Dimensions: 441.5 x 57.2

    Builders: West Coast Shipbuilders Ltd., Vancouver

    Delivery Date: August, 1943

    Owners;Managers: D.O.C.; Hall Bros., Newcastle for M.O.W.T.

    Post war History:

    1947: Acadia Overseas Freighters Ltd., Halifax, renamed WESTMINSTER COUNTY;

    1949: Israeli owners, renamed YAFFO;

    Mar. 24, 1955: Stranded Baffu Bay, Liberia, refloated and sold March, 1957.
    When one door closes another one shuts, it must be the wind

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    Default Re: M.N Medals

    Some of the Victory ships were built for a service speed of near enough 20 knots and were built as so called armed merchant cruisers. I joined the Sunprincess in Halifax in 1966 as mate she had been bought by Alcoa and used as a cargo/passenger vessel on the North America / West Indies run. She was. What was called a C1-A. She was only capable of 15/16 knots by then. She went to the scrap yard in Taiwan late 67 early 68. So possibly the ship being referred to was similar. JS

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    Default Re: M.N Medals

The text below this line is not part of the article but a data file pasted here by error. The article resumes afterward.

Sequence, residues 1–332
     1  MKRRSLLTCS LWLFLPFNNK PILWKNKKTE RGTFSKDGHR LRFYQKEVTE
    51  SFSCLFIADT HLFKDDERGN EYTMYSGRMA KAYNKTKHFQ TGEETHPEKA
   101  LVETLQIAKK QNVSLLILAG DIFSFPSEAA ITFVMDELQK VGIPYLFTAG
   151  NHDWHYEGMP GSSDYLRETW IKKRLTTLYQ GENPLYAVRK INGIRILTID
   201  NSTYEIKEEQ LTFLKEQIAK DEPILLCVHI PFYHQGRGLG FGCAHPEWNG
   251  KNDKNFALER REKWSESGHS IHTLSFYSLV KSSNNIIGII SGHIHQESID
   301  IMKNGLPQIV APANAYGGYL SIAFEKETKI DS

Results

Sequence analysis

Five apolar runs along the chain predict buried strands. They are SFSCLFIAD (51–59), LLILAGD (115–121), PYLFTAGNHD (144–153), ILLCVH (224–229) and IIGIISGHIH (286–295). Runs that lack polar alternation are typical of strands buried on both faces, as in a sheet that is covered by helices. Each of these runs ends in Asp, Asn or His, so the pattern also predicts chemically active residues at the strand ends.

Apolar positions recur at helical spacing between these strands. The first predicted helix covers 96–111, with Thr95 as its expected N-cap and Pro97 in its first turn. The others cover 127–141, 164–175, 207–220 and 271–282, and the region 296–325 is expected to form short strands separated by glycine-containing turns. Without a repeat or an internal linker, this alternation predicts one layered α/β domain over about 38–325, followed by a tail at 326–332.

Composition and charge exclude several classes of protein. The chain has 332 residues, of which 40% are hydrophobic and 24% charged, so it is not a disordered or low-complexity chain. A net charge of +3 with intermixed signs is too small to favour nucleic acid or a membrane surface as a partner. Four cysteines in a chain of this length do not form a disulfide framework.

The Fort Kullyspell was in the Convoy JW 55B which was used to lure the Scharnhorst into the guns of the Duke of York and her subsequent sinking. Fort Kullyspell was lead ship of Column 3 of the convoy but certainly was not an escort, purely a cargo ship carrying much needed supplies. I think perhaps Michael may have been misled at some stage. His father was certainly an R/O on ships in the Russian Convoys with all the horrors that they experienced but the Fort Kullyspell was not an escort.
    When one door closes another one shuts, it must be the wind

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    Default Re: M.N Medals